It's Time To Stand Up Against Bullying
Thursday, April 07, 2011
So since Saturday, the small community I grew up in has been rocked by two suicides and 1 attempted suicide. The first was an alumni of my school, graduating just one year ahead of me. The second was a 15 year girl in high school that by the looks of it was bullied to a point that she just couldn't handle it. Her death, although I do not know her or her family, has touched my niece and nephew because they are around her age and go to her school. It has sent me through a tailspin.
I grew up a janitor's daughter in a school that is considered the "Edina of WC Minnesota," in a class that was notoriously the cliquiest and nastiest group to step foot through those doors, and coming from this community, well, it says a lot. What's strange about this place, (at least in my class), was that it wasn't just one person doing the bullying. It was one rather large clique that enjoyed making everyone else feel like losers. They were good at it. Where I grew up, the largest class was about 170, so everyone knew you and your business. I'm going to give you just one of many examples of things they would do:
It was my senior year, and of course as seniors we are all supposed to love one another and become closer as we get ready to head off to college...or at least that was expected. I had a choice of graduating early, but decided to just go four hours a day and then work in the afternoons. My first "class" was study hall. I was sitting at my desk doing my work, when this really mean girl came and sat right in front of me. She was popular and elected to God knows what at that point, and had a list of all my classmates with her. She took a black marker and started crossing people off. Then she turned just so I could see what she was doing and crossed my name off the list. I knew what she was doing and boy was I angry. But I let her do it. I didn't confront her, because by this point in my senior year, my confidence had been brought down to non-existent. A couple girls came over to her and paid her 25 bucks for some t-shirt. A couple weeks later, on the same day, all my classmates started showing up with these senior shirts on, except a select few. Those of us that were crossed off the list were wearing our regular clothes. I remember seeing the hurt looks on people's faces. I remember seeing the shocked looks on the teacher's faces when they saw what happened. I also remember the smirks, laughter and whispering of those that chose to leave people out in the first place. Deep down, I was angry and embarrassed.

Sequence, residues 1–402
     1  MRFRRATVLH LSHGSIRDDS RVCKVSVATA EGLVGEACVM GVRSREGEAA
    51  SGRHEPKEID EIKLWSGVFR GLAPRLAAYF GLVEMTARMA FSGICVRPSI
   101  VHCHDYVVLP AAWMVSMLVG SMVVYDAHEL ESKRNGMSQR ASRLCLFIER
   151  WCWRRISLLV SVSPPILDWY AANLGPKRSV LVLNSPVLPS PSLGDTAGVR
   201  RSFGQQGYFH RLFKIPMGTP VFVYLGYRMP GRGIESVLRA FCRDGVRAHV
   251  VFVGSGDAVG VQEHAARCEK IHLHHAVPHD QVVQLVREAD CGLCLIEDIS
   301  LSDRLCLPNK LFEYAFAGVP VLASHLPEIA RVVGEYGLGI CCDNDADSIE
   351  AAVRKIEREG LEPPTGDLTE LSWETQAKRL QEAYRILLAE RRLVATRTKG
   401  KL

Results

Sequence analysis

Now some may think that it wasn't a big deal. But we were made out to know we were the losers. Everyone knew everyone else. So when you walked down the 9, 10, 11, 12th grade hallways, everyone knew that you were left out. Everyone. You knew your place. That was just one example of the many things they did their senior year, and the problems I had been dealing with by the sixth grade. By the end of our senior year, fights were breaking out in class between the haves and have-nots. It wasn't a fun place to be.
Well, this suicide has managed to bring back a lot of bad memories that I have buried deep down. And as I was talking to my dad about it, I felt this uncontrollable urge to eat. Preferably, something bad for me. I had 1 serving of ice cream-no worries it was already allotted in my calorie count-before I realized what I was doing and stopped. After almost 11 years, I am still letting these girls get to me. These are the memories that I put away that are sabotaging me every single time I want to lose weight. I had no idea that I had let them hurt me the way they did. I still have some very hard feelings for a lot of my classmates for the things they pulled over the years. I feel sick when I see them walking in the store, refused to go to my 10 year reunion and pretend we were all friends, won't add most of them to my FB page, and secretly wish, (and yes I know it is wrong) that Karma would catch up with them. It hasn't.
So today, I cried for that poor 15 year old girl and her family and friends because of the pain she was in, and I cry for my own memories and hope that I can finally put it all behind me and move on. It's time. I won't let myself be bullied anymore, whether by people or memories. I end with this quote:
"No one can make you feel inferior without your consent." Eleanor Roosevelt